Malcolm Turnbull has held talks with Malaysia’s PM on the sidelines of the APEC Summit in Lima, but is playing down the prospects of a refugee resettlement deal with the predominantly Muslim nation.
Malaysia is known to be one of several countries Australia is negotiating with to expand the network of settlement options for refugees on Nauru and Manus Island.
Mr Turnbull and Prime Minister Najib Razak discussed terrorism, returning Islamic fighters, trade, the South China Sea and what officials describe as “irregular migration”.
Before the meeting Mr Turnbull was asked whether Malaysia may assist with resettlement as it had in 2011 with its ultimately thwarted “people swap” arrangement with the Gillard government.
“We engage with many countries, we engage on resettlement matters with many countries that are part of the Bali process, but we don’t speculate on those discussions,” Mr Turnbull said.
“We have had success with Cambodia, we have had success with the United States and we talk to other countries — and we will continue to do so.”
The PM has indicated that “when agreement is reached, we make an announcement”.
Deputy Labor Leader Tanya Plibersek said her party would welcome a deal with Malaysia, but told Sky News the Government should apologise for its hypocrisy.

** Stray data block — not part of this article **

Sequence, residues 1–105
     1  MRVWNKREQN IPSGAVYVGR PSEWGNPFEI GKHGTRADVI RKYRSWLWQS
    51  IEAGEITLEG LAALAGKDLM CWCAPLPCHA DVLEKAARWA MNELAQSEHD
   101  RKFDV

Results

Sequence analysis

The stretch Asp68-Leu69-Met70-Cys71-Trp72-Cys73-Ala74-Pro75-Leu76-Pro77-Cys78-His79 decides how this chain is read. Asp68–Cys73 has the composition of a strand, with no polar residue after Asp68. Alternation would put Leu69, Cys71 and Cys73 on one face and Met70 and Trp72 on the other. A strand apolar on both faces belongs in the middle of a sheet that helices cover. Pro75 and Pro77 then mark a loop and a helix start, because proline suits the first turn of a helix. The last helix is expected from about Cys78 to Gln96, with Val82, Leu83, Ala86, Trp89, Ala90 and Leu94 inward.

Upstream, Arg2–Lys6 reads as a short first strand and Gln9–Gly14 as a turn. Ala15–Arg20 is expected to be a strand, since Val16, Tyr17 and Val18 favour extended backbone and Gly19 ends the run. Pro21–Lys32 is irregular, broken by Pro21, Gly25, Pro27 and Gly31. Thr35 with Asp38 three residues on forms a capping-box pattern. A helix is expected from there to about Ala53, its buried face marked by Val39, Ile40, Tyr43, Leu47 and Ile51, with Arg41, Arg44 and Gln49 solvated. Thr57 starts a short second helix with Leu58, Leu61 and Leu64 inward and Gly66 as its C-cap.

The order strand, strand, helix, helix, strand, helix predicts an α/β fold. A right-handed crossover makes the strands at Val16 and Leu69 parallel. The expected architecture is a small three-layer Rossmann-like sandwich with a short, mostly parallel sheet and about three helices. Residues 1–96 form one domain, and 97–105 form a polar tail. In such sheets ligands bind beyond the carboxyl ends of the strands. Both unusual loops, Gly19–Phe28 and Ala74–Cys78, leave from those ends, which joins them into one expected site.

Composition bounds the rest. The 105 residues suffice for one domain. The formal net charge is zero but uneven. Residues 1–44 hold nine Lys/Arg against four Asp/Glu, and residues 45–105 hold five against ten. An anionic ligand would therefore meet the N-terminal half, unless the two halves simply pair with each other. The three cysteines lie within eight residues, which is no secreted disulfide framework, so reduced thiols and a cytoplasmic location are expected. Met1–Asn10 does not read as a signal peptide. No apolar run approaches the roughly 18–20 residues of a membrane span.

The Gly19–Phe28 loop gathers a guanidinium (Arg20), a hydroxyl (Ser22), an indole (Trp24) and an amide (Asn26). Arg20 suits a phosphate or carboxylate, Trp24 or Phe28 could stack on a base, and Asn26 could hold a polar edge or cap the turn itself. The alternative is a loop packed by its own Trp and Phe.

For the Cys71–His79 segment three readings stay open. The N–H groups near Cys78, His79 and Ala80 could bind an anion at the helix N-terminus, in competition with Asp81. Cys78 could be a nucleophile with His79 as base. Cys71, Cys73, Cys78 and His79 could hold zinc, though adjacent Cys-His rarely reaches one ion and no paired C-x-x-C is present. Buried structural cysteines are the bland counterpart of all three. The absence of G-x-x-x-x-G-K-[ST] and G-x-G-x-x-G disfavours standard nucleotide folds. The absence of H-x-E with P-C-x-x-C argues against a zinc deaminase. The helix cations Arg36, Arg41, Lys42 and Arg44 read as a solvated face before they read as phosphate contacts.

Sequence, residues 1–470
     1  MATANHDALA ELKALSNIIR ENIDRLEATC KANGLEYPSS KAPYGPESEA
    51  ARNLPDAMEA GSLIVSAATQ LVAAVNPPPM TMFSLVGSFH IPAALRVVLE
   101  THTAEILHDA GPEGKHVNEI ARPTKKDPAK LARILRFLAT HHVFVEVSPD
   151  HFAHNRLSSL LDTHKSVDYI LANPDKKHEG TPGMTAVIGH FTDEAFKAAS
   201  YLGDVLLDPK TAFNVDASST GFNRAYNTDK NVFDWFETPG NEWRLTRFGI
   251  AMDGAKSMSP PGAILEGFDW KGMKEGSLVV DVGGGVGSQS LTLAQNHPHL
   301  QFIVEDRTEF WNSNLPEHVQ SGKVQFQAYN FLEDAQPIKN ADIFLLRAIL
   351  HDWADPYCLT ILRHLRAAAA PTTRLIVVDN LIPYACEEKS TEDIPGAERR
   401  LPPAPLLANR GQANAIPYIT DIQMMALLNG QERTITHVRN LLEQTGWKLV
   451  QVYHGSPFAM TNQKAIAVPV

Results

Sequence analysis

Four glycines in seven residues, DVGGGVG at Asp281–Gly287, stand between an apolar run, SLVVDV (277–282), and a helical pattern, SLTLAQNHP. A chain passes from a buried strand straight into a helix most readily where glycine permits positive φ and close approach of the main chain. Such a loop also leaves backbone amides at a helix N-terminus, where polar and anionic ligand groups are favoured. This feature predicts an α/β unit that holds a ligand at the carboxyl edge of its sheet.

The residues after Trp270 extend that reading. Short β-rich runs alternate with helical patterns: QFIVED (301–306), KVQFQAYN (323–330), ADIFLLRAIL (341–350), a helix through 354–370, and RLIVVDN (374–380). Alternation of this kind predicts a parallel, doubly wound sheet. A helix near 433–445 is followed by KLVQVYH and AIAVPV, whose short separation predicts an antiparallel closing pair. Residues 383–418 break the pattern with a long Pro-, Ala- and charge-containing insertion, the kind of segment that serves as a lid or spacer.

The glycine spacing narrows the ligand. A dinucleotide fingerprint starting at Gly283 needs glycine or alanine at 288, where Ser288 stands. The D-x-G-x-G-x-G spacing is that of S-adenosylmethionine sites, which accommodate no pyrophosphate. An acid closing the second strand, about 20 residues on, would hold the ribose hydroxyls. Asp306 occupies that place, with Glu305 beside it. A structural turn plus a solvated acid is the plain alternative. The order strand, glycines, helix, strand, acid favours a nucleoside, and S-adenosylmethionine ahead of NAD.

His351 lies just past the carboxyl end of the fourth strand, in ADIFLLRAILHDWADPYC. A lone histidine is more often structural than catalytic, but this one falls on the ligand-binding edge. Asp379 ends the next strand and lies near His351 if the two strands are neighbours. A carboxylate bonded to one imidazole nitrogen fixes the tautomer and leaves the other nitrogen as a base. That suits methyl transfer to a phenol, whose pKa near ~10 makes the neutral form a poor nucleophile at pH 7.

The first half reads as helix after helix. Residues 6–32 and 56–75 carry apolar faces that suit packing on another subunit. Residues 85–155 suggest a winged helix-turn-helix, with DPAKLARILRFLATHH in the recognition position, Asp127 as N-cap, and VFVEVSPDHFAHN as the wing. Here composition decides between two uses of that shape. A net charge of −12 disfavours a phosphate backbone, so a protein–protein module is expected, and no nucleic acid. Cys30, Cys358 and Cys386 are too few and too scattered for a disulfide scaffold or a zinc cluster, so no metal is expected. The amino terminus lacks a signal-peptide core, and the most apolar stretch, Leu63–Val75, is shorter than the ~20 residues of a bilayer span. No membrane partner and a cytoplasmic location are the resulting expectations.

The Coalition had opposed a deal with Malaysia when it was in opposition five years ago, citing human rights concerns.
“All those people who voted against Malaysia as a country for resettlement when Labor was in government should explain why they did it,” Ms Plibersek said.
“It shows a degree of cynicism and unfitness for government.”
Turnbull says US may re-embrace TPP in future
Following Mr Turnbull’s discussion with Mr Najib, both men entered the APEC summit venue to put their weight behind the stalled 12-member regional trade deal, the Trans-Pacific Partnership.
The US Congress is refusing to ratify the pact and most observers believe it is doomed from January when US president-elect Donald Trump takes office.
But Mr Turnbull and fellow TPP supporters are undeterred and staged a display of their determination at a high-profile meeting led by the outgoing US President Barack Obama.
“It may well be that over time the TPP is re-embraced by the United States, by the Congress, or indeed by the President,” Mr Turnbull said.
“Free trade really is a long game … there have been other American administrations in terms of the presidency and in terms of the Congress who have changed their minds.”
The gathering of leaders of TPP countries acknowledged that “advocates of open trade were facing global headwinds”.
Officials at the private talks said the meeting urged against “jumping to conclusions as to how president-elect Trump would approach trade policy”, preferring to wait until a new US trade representative was appointed before forming a view.
The ‘road to ruin’ for Australia
For the second time on his overseas trip, Mr Turnbull has gone on a domestic offensive against the Labor Opposition for its renewed interest in clamping down on foreign guest workers entering Australia on 457 visas.
“I have talked about protectionism not being a ladder to get out of the low-growth trap but a shovel to dig it deeper, well, Mr Shorten has got that shovel and he’s digging deep.
“He is being wooed by the siren song of populism, he thinks he has picked up something from the American election and he can tap into that, but it is the road to ruin for Australia.”